There is a war being waged against whales, and it is being fought with noise, and it has left scientists and conservationists concerned about the potential impact of military noise on the wider marine ecosystem as a whole. Are naval activities bound by environmental norms, or will the damage continue in the name of national security?
With a growing number of individuals and organisations working on environmental security, and on a range of international, regional and domestic initiatives, it’s a good time to examine whether we are working effectively. This blog considers why greater civil society collaboration on environmental security is not only timely but vital.
Since 2015, a number of different actors have published data on the environmental impact of the conflict in Ukraine. Doug Weir and Nickolai Denisov take a look at the different methodologies that have been used to monitor environmental harm, their findings, and what the studies tell us about how monitoring could be improved.
The plenary sessions of UNEA-3 saw a number of states highlight the environmental impact of armed conflicts and terrorism. These had been encouraged by the negotiations on a resolution on the topic at the assembly. The plenary statements were a reflection of national experiences and perspectives on conflict and the environment; Foeke Postma examines who said what, and why.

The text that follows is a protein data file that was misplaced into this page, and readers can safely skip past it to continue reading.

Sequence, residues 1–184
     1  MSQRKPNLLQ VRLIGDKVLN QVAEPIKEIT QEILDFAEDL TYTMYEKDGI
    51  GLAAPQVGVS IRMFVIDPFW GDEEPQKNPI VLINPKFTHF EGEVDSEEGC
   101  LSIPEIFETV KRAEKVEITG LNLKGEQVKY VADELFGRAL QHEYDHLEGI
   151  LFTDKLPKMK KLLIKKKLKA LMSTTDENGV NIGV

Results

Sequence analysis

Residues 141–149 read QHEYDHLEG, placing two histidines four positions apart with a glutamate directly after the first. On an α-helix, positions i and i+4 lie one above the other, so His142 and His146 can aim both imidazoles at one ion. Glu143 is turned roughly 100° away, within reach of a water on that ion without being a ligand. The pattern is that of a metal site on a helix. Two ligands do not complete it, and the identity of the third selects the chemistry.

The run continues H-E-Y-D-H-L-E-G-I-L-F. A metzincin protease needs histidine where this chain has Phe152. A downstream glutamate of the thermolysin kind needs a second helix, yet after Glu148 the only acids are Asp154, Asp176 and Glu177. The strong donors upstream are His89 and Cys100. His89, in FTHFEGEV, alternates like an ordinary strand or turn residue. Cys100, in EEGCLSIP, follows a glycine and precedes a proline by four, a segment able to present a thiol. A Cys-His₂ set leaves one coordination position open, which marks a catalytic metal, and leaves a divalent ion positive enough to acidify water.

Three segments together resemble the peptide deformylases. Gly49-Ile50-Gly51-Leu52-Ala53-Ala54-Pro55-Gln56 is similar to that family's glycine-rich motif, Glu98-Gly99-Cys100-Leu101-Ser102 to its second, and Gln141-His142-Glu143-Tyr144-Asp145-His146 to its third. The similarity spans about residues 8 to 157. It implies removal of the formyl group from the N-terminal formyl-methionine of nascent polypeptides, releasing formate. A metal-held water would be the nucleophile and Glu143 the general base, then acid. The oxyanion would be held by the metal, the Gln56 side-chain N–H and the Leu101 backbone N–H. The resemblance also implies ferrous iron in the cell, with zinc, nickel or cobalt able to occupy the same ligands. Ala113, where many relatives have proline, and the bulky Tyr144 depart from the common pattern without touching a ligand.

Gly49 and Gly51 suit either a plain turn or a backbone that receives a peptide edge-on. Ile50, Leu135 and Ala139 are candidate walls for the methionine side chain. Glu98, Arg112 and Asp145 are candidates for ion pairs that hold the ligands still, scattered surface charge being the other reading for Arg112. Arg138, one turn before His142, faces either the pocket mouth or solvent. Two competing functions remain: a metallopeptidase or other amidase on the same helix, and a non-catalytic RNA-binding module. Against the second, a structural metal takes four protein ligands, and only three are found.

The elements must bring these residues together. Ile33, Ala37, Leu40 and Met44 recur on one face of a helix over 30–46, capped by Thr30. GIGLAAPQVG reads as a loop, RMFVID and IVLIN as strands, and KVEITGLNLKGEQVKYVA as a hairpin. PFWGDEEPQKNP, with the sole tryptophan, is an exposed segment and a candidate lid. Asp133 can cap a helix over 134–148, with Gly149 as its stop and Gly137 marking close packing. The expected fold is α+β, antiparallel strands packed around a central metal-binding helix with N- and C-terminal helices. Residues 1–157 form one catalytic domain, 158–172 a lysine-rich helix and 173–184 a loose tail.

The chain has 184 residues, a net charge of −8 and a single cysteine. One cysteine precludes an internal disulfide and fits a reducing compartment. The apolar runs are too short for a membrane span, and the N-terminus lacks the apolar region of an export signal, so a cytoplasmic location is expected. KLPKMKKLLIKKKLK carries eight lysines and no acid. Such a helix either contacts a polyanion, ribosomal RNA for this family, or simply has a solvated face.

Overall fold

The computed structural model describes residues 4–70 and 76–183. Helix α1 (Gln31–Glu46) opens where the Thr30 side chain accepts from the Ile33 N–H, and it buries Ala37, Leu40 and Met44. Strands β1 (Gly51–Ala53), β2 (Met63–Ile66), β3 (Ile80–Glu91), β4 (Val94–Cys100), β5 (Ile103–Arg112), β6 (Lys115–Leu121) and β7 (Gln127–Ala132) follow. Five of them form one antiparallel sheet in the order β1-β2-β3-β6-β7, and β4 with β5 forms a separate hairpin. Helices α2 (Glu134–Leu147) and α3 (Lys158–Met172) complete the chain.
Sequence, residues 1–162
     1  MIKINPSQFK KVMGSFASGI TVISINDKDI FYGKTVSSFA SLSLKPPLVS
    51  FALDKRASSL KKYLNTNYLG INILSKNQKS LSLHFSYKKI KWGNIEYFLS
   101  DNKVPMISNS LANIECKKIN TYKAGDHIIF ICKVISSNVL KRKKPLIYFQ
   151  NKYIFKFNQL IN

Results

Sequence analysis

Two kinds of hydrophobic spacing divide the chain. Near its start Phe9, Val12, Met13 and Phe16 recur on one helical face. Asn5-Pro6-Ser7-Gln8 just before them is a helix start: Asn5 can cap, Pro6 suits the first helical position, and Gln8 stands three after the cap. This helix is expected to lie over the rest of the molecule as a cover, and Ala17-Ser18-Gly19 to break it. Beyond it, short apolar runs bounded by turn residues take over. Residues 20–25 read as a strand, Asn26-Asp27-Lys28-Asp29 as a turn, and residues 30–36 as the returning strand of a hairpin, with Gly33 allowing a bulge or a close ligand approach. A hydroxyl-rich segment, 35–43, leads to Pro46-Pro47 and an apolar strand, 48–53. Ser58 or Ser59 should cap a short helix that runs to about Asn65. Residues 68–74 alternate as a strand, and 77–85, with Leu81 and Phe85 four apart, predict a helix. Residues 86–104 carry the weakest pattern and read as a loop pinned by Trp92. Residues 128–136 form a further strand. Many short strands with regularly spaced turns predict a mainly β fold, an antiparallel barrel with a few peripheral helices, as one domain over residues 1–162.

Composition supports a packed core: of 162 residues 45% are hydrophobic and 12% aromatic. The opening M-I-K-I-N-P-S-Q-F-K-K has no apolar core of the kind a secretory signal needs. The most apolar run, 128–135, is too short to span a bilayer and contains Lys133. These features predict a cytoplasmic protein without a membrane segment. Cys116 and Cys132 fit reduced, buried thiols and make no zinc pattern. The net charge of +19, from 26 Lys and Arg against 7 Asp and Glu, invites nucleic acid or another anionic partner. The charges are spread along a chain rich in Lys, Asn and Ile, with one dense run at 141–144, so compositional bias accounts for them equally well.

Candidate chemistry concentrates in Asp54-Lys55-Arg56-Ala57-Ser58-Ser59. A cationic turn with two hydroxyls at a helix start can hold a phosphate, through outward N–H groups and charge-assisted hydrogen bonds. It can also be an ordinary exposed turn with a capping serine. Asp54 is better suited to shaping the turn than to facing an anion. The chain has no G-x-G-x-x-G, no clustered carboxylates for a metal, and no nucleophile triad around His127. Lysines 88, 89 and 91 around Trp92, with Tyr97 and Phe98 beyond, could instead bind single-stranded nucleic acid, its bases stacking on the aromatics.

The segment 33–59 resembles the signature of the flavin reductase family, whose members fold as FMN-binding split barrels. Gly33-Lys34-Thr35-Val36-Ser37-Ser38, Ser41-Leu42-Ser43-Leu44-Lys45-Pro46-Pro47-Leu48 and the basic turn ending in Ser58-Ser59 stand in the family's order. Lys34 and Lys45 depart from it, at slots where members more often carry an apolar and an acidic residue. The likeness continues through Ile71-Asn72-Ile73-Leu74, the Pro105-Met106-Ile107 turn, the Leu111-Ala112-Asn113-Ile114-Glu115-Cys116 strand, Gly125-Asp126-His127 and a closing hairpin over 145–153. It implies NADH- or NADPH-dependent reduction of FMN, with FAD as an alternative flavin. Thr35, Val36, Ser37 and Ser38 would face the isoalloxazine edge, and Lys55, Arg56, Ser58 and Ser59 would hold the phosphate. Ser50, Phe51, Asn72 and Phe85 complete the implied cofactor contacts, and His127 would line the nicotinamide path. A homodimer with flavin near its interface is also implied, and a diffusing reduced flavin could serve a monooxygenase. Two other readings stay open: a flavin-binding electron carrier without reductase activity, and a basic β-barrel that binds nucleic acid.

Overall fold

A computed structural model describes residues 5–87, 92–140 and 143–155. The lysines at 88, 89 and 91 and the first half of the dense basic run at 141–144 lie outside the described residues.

After months of negotiations, governments at the UN Environment Assembly have finally agreed a consensus resolution on conflict pollution that was tabled by Iraq. It’s the first UN resolution to focus on the health and environmental risks posed by toxic remnants of war, read our analysis.
After four months of consultations and negotiations, it’s decision time for governments over Iraq’s UN Environment Assembly resolution on conflict pollution. However with deep divisions on show between states on the role of the environment in matters of peace and security, Doug Weir suggests that it is still unclear what will happen when negotiations begin again tomorrow.
Governments at the UN General Assembly’s Sixth Committee have welcomed the continuation of the International Law Commission’s study into the legal framework protecting the environment in relation to armed conflicts. However, while there was near universal support for the study, its scope, priorities and eventual outcome are all still subject to debate.
33 NGOs and 12 experts mark the UN’s 6th November #EnvConflictDay 2017 by releasing a joint statement calling for progress on conflict and the environment.